The U.S. Government and federal sponsors, such as NIH and NSF, have expressed concerns about improper foreign influence in U.S. academic research. NIH Director, Francis Collins, sent a letter in 2018 alerting the research community to “threats” from foreign entities. NSF Director, France Cordova, sent a letter in 2019 and the National Defense Authorization Act includes a provision alluding to the restriction of federal funding to institutions doing business with certain Chinese telecommunication companies. Other federal sponsors are also calling for transparency regarding foreign influence. The DOD has expressed concerns and issued a letter in 2019 that calls upon the academic community to develop and implement best practices to protect American innovation while maintaining the free and open exchange of ideas.
Other areas of concern revolve around the active recruitment of foreign scholars into ‘foreign talent programs,’ and this issue has been discussed at length by the U.S. Government and the Office of the Inspector General (OIG). Foreign talent programs, many times run by governments overseas, typically recruit scholars in an attempt to influence foreign nationals to misappropriate intellectual property and federally funded research results from the U.S. research institution. One of China’s top foreign talent recruitment program is China’s “Thousand Talents Plan.”
Based on the concerns of the U.S. Government and our sponsors, U.S. institutions have a heightened awareness and interest in understanding the relationships federally-funded faculty may have with a foreign government or entity. To ensure compliance with federal regulations, any/all foreign involvement, whether paid or unpaid, must be disclosed to federal sponsors, following their regulations, and through Downstate’s conflict of interest disclosures.
Please note that Visiting Scholars, Volunteers and/or Students are considered in-kind contributions if they are working on your research project and must be disclosed.
Remuneration is not a factor when it comes to Foreign Influence.
Please review the federal policies below and ensure your submission follows the regulations governing foreign influence.
NIH Instructions and Guidance
A memo from NIH Director, Francis Collins: Statement on Protecting the Integrity of U.S. Biomedical Research
NOT-OD-19-114: Reminder to investigators about the need to report foreign and domestic activities relevant to their sponsored research through documentation of other support, foreign components and adherence to financial conflict of interest reporting. NIH requires this information to prevent scientific, budgetary or overlap of commitment to ensure proper oversight of financial conflicts of interest before NIH funds are spent. Also see Downstate’s FCOI policy.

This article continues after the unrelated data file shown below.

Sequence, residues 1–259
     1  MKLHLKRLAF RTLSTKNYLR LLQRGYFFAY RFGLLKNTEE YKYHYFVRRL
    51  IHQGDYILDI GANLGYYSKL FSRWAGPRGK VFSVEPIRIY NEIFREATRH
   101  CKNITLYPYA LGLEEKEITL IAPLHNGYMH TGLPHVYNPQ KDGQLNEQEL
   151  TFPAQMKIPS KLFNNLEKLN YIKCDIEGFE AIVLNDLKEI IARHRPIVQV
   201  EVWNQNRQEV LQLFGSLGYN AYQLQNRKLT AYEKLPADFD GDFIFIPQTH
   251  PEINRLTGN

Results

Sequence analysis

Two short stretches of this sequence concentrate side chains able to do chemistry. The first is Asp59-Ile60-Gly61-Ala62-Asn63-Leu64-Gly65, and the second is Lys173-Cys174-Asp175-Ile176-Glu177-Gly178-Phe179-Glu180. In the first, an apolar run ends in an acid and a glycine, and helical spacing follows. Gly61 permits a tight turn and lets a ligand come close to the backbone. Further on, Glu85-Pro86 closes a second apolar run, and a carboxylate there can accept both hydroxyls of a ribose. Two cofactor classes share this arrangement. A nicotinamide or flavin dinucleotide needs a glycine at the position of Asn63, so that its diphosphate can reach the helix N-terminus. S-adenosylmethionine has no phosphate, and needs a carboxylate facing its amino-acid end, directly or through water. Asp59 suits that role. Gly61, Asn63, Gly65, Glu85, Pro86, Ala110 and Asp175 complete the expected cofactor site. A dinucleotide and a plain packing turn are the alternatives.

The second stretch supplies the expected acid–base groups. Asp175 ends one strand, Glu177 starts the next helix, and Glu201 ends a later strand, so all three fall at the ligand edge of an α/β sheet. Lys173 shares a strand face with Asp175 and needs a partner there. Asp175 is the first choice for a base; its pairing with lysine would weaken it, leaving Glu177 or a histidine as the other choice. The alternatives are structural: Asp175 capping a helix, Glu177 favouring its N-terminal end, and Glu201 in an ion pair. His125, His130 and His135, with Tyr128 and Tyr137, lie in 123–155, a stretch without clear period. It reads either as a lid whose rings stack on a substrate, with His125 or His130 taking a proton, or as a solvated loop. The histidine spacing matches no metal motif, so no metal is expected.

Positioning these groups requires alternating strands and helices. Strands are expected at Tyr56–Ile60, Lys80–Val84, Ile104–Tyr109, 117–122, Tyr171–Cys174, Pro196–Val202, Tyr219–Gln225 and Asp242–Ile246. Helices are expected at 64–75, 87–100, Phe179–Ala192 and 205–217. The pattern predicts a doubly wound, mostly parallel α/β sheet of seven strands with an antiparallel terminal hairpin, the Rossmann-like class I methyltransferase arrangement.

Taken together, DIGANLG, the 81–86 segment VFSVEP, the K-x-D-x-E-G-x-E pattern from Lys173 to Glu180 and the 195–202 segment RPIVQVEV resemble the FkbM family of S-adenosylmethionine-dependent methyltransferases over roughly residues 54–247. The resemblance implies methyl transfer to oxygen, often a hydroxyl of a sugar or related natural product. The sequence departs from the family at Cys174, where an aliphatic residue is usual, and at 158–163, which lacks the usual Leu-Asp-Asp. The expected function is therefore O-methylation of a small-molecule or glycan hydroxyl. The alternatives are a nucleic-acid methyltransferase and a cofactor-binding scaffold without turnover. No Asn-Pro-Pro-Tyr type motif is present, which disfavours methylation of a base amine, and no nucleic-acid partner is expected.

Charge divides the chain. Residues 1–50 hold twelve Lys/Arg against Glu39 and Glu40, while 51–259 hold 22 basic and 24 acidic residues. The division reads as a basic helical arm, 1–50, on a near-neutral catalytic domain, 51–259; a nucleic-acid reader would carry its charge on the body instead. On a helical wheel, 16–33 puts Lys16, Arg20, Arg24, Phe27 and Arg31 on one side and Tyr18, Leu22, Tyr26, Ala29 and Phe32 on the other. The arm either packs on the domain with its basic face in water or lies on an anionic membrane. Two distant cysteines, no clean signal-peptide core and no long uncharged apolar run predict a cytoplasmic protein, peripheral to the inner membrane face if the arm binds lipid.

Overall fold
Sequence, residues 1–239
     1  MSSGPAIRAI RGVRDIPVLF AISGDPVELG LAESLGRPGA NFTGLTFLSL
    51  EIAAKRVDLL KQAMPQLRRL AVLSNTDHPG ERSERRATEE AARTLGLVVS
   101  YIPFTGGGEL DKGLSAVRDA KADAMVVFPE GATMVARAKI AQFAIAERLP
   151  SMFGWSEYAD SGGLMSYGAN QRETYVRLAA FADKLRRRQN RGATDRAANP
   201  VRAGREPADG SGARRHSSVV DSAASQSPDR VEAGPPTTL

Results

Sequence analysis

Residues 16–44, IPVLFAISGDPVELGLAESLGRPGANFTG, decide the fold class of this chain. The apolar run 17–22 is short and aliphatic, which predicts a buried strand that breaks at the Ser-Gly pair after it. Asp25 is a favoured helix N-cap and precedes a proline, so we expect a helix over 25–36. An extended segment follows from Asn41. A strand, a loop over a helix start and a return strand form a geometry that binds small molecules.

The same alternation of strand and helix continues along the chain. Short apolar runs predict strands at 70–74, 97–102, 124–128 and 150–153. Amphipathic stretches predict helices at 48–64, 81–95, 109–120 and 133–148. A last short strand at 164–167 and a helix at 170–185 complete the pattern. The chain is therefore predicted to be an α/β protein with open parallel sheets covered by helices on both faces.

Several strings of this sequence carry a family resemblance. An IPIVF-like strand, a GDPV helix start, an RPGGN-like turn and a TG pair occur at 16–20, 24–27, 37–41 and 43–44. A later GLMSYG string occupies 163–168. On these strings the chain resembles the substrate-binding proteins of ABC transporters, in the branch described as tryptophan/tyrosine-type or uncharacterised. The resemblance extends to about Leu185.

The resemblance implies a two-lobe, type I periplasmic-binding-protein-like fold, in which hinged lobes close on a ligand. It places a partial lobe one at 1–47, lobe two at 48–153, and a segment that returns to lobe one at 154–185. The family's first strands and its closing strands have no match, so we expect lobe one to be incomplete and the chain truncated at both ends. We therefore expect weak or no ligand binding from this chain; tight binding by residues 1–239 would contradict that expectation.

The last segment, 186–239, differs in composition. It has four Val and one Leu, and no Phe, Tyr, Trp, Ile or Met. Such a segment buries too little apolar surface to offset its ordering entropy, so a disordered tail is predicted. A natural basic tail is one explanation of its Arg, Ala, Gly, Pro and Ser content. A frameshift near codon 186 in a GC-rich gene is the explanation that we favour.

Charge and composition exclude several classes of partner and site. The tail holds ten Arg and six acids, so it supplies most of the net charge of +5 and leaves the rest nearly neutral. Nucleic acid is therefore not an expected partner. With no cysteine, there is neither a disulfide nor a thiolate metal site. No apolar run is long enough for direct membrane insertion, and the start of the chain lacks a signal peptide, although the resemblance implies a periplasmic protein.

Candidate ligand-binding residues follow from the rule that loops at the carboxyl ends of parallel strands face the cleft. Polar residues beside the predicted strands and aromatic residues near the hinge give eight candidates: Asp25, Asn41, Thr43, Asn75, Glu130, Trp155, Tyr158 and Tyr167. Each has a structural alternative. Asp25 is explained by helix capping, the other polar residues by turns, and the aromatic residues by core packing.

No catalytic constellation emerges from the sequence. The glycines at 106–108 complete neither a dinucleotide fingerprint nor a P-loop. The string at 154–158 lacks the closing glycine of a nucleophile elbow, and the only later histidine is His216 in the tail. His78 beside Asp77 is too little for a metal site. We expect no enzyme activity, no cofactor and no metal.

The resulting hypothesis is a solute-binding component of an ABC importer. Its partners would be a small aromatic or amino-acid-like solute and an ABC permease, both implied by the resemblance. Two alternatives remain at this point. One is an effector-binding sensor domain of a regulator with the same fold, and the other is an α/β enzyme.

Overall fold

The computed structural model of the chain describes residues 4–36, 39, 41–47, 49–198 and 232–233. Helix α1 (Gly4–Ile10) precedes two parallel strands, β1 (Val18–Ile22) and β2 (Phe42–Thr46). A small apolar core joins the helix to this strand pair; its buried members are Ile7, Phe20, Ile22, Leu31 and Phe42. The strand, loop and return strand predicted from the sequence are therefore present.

NIH Biosketch Instructions:
Competitive Application: Refer to Section B of the Biosketch Format Pages, Instructions and Samples
RPPR: Refer to pages 84 and 86 of the RPPR Instruction Guide
During the life of the project (between the issuance of a NOA and the next RPPR): No action unless a change of PI and/or other senior key personnel identified in the NOA
Other Support Instructions:
Competitive Application: Refer to the Just-in-Time Procedures in the NIH Grants Policy Statement (NIHGPS)
RPPR: Refer to page 86, Section D.2.c. ‘Changes in Other Support’ in the RPPR Instruction Guide
Foreign Component (work to be performed outside of the U.S.)
Competitive Application: Refer to page R-39, Q6 in the Research Instructions for NIH and Other PHS Agencies
RPPR: See page 99, G.9, Foreign Component in the RPPR Instruction Guide
During the life of the project (between the issuance of a NOA and the next RPPR): Prior approval is required to ADD a foreign component, Refer to 126.96.36.199, ‘Add Foreign Component’ in the NIH Grants Policy Statement (NIHGPS). Prior approval is required to change a performance site within a foreign country or to add a performance site in a new country. Refer to Section 16.7.2, ‘Change in Scope’ in the NIH Grants Policy Statement (NIHGPS)
NSF Instructions and Guidance
A memo from NSF Director, France Cordova, July 2019; NSF Memorandum 19-20: Research Protections
NSF Biosketch Instructions:
Competitive Applications: Refer to Section F ‘Biosketch’ in the NSF Proposal & Award Policies & Procedure Guide (NSF PAPPG) and Section H ‘Current and Pending Support,’ and Section I ‘Facilities, Equipment and Other Resources.’